Honolulu CPR has several courses on CPR and first aid. We have eight total programs, divided into basic, advanced, and re-certification training. Because we are dedicated to providing quality training to a wide range of students, we keep our training fees and course rates very affordable. There are many providers that offer high quality training in Hawaii but none that offer as affordable training as we do. We also have five other locations in the United States, offering the same set of courses.
All of the courses are certification courses. That means that once the student completes the enrolled program with full attendance and a pass on the post-test, he or she is awarded with a training certificate that is valid for 24 months. We instruct our students to renew their certificates before the expiration date, or else they won’t be eligible for the shorter, re-certification classes.
The deal with AEDs
In the guidelines created by the American Heart Association for giving CPR, the third step is rapid defibrillation. What is defibrillation? Defibrillation is the use of electricity to restore normal cardiac rhythm. What people usually see in movies and on TV is defibrillation being done when a victim’s rhythm is flat or asystole. This is incorrect; defibrillation is done during severe cardiac arhrythmias – such as ventricular fibrillation (V-fib).
In order to perform defibrillation, an AED is used – automated external defibrillator – to send electricity through wires and pads attached to the chest which then reaches the heart. The electricity restores the cardiac rhythm to normal sinus rhythm. AEDs are usually found in most public places such as malls and community centers, and of course with emergency medical rescuers.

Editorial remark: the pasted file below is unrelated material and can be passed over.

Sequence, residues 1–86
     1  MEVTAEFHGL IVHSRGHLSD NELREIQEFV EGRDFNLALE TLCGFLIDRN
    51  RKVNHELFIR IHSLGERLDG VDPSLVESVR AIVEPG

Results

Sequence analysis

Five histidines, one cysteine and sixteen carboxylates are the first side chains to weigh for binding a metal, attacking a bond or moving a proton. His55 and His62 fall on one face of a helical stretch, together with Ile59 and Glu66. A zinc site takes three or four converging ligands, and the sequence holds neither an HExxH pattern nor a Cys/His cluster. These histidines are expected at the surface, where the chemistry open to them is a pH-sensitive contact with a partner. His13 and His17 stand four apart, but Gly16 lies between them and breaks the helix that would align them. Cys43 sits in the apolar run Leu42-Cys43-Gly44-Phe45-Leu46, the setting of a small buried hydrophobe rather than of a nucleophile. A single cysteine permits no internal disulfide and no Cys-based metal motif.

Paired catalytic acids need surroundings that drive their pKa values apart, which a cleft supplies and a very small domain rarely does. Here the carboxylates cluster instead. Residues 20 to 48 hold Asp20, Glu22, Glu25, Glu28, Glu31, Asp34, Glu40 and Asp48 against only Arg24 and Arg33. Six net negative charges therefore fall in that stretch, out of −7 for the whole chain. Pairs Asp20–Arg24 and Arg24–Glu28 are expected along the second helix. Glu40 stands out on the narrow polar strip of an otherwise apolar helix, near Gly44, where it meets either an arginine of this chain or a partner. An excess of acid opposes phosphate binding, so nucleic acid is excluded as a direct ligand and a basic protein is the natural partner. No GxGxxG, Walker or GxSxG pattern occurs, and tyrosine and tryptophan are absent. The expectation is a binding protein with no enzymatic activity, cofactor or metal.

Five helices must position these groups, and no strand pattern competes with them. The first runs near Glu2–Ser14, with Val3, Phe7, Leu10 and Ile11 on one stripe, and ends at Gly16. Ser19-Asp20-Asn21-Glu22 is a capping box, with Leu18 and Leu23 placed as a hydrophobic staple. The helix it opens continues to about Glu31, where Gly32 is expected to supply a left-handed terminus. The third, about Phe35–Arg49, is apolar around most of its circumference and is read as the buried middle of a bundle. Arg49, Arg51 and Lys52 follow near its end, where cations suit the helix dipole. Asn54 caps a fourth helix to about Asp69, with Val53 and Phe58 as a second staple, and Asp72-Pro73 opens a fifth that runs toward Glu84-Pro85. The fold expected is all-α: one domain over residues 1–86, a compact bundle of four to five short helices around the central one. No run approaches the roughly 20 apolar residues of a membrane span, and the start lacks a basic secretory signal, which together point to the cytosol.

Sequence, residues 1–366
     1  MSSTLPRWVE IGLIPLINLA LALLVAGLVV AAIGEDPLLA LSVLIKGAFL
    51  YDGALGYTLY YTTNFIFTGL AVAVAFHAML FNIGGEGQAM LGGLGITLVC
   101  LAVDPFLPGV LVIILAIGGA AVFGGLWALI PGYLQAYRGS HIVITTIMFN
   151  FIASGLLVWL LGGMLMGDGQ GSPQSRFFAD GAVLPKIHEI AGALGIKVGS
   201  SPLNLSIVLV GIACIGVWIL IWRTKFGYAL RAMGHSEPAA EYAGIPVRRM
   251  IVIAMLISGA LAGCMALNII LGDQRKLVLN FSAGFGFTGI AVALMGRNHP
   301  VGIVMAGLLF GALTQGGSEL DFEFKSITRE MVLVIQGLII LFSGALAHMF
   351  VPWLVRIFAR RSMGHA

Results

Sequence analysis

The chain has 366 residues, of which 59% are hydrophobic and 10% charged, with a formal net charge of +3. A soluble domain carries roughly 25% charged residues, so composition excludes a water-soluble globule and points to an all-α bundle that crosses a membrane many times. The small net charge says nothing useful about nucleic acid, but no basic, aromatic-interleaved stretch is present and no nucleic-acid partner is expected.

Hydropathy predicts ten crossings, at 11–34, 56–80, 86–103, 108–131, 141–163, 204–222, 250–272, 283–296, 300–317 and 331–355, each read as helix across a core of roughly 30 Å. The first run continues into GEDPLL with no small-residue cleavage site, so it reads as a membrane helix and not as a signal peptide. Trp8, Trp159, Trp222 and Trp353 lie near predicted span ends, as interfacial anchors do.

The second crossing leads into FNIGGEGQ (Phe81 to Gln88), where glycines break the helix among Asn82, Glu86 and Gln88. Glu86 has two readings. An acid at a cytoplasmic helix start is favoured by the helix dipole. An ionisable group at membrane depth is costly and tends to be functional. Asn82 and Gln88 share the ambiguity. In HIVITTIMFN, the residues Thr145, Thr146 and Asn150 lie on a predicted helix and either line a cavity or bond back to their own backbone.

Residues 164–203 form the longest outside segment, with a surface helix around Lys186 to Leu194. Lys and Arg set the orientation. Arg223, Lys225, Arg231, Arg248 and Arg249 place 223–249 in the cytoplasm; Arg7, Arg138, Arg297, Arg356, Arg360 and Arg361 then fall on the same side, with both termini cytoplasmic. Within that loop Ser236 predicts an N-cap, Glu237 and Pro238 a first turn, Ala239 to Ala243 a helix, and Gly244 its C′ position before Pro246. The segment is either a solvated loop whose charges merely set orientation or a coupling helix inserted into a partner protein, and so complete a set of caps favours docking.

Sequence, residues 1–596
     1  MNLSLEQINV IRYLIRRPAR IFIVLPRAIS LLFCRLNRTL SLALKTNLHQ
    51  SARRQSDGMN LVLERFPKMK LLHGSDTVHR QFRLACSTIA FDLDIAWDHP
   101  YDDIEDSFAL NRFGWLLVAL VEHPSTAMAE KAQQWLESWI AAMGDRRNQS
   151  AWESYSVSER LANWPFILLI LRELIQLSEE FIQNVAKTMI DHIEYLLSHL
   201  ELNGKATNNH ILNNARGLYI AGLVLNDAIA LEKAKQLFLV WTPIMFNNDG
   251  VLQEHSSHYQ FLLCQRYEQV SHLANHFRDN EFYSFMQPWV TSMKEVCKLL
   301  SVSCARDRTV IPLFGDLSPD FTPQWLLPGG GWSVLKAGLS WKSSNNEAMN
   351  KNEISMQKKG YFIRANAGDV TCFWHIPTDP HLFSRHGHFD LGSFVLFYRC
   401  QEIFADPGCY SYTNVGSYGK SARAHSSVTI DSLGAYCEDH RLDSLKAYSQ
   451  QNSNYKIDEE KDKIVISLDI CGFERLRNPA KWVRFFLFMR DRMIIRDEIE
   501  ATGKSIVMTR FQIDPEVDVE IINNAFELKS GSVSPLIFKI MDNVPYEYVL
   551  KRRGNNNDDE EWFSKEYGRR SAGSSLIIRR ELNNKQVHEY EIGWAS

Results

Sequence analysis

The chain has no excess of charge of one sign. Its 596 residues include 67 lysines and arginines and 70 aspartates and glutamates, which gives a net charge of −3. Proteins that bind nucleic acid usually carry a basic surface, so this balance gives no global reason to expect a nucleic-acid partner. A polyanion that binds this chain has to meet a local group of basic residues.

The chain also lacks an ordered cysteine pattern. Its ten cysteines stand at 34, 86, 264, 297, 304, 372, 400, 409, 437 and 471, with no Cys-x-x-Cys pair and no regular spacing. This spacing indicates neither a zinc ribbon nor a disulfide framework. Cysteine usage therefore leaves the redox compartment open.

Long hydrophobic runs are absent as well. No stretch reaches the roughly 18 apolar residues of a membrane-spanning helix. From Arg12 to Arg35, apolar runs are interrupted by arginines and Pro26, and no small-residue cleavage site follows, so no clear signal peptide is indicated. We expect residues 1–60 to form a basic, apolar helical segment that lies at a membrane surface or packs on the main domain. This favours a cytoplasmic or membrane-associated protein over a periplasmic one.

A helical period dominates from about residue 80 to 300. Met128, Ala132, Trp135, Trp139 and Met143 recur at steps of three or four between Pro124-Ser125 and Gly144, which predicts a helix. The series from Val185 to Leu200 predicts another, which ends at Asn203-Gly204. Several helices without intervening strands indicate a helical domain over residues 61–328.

Why learning CPR should be important to you
Every year, more than half a million Americans die because of heart problems. Roughly a third to half of that is because of cardiac arrest. Cardiovascular disease (CVDs) kill so many people each year but they are very easy to prevent. Giving CPR is also pretty simple – yet most bystanders are uncomfortable in giving compressions. CPR is very important within the first few minutes of cardiac arrest. Being able to provide compressions and ventilation can mean the difference between life and death for a victim, if done correctly and timely.
Almost 70 percent of bystanders are too scared to help with compressions. Yet, millions of people are trained each year to give CPR. Remember, you can save a life with your skills and you should never be afraid to lend a helping hand.
Remember these simple tips when managing cardiac arrest:
- If a person loses consciousness and is unresponsive, immediately assume that he or she is experiencing cardiac arrest.
- Immediately call for help or have someone call the emergency number.
- Push hard and fast in the middle of the chest but allow the chest to recoil between each compression.